One of the things that’s really wonderful about our assay system is that it’s actually quite easy to incorporate new content, and we don’t have a lot of issues with crosstalk among different assays.  So it was actually relatively straightforward to incorporate a new test to cover the strains involved in the outbreak, and we were able to do that in a short period of time.

Paul, I do want to hear more about the CARMEN-Cas13 platform, but before we expand our discussion, tell me, what do you see as the headline here, particularly given the current pandemic?

I think the headline here is really one about hope.  We’re incorporating here not only a new assay chemistry, it’s actually not CRISPR technology but PCR technology that’s on the front lines of nucleic acid diagnostics addressing the outbreak today.  And so there are these powerful new CRISPR-based assay chemistries.  And then also on the instrumentation side, we’re introducing this microfluidic platform for microscale testing, which has some advantages in terms of reducing the cost per test and enabling many tests to be done.  And so I think in the context of the pandemic, the headline is really that there is a lot of room for creativity and innovation to develop new types of tests to address it.  And given the current situation, I think it’s quite clear we’re going to need an all-of-the-above strategy to beat back the pandemic.

How will use of this system contribute to improvements in COVID-19 testing?  I know that’s been a major issue worldwide…

Our system is really focused on test throughput, and it can very efficiently test each patient sample for a large number of target sequences, which could be different parts of one virus, different strain variations of one virus, or a whole diversity of viruses in each sample.  And so it’s fairly unique in that regard.  We have not constructed it in a way that’s suitable yet for rapid point-of-care testing.  And so we see the role for the reported version of the system as being in surveillance, either for clinical screening tests or for public health screening and surveillance testing.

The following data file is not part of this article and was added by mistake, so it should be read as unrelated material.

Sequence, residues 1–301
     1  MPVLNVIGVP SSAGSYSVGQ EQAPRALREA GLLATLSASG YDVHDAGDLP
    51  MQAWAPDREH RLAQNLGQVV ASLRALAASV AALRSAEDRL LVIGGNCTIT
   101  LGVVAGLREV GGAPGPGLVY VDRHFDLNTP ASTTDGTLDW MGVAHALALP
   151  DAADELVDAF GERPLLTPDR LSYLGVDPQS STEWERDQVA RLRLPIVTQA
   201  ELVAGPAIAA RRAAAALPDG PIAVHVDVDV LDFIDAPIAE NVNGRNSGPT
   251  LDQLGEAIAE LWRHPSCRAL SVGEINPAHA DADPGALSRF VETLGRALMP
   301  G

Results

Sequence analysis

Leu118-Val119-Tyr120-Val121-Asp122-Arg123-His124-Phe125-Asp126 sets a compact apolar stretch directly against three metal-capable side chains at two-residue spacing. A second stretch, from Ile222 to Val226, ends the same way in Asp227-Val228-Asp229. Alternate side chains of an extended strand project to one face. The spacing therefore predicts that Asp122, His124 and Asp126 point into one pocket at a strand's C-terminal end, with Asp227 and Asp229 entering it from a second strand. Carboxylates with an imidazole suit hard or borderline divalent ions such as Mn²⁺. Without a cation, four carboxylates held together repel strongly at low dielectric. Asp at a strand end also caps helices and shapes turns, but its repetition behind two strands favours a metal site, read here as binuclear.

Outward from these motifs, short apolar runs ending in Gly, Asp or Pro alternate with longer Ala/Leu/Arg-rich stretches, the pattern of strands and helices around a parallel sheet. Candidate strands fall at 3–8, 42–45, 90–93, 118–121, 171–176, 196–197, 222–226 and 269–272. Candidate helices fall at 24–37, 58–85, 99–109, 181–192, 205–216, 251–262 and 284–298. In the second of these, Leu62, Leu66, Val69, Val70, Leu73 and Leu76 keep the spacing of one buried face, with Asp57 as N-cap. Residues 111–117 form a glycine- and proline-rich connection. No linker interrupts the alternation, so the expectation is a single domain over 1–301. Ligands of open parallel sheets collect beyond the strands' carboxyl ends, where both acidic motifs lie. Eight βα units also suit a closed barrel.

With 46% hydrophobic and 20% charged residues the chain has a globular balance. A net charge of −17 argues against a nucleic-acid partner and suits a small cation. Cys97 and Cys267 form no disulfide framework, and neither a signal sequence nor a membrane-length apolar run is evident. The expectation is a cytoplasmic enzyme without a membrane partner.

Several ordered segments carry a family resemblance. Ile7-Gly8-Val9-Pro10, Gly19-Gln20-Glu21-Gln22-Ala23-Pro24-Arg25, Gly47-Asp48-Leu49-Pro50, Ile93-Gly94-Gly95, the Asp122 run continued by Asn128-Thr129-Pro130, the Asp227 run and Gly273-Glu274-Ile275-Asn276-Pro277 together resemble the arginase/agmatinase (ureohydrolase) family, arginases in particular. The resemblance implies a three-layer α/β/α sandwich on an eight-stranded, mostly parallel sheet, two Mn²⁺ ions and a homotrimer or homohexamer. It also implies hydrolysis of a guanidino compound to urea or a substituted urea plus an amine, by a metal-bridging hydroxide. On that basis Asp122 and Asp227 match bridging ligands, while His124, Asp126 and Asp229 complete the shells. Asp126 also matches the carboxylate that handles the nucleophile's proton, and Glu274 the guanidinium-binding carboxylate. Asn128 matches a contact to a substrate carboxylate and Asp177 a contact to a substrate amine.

Is the turnaround rapid in this case?

The test in the microwell system currently takes several hours to return a result.  So it’s not really suitable for rapid point-of-care testing.  Now we’re already working on future versions that would be much faster and use really simple instrumentation that would be well-suited to point-of-care implementation, or testing at the point of care. 

I understand from the paper that the platform is “sensitive, specific, and statistically robust.” Can you tell us a little bit more about that?

Absolutely.  We were really glad to see that even in the microscale, nanoliter format, that the CARMEN testing platform maintains the nanomolar sensitivity that had previously been demonstrated for the SHERLOCK assay chemistry.  And so it really has this exquisite sensitivity while maintaining really high specificity at the same time.  Now, one of the unique features of our droplet array platform is that each test actually consists of many of these nanoliter droplet replicates.  So that gives us a lot of statistical robustness in order to make sure that we make the right call for each test, because we can check the result across many nanoliter-scale replicate assay reactions.  Another feature is that that average number of reactions per test is continuously adjustable, and so we can dial in the statistical power of the test case by case, so that it’s most suitable for the application that it’s being used for. 

Paul, the experts keep claiming that the only way we’re really going to get ahead of this pandemic, and perhaps prevent a recurrence, is a massive expansion of testing, both point-of-care testing and surveillance testing as you’ve been describing. Is this the vehicle to accomplish at least part of that daunting task?

I think our system plays an important role alongside some of these other testing systems and modalities, and in its current form, yes, particularly for surveillance, as you described.  And I do agree that this kind of widespread testing is going to be really important in helping re-open the world’s economy as we recover from the outbreak.  Now on top of that, I think it’s also pretty important the we continue with surveillance, and with broad surveillance for many different types of viruses, such as our platform can enable, in order to make sure that we detect and get ahead of the next outbreak that heads our way.

So how will the platform be rolled out and scaled for widespread use?

Well thanks for asking. We’re already moving in that direction at the Broad Institute to test whether the system is going to be suitable for screening clinical samples from the outbreak.  Now beyond that, we're looking at partnering, and are already in advanced discussions, with the government and with different companies that have appropriate instrumentation and manufacturing systems in order to in order to deploy our system.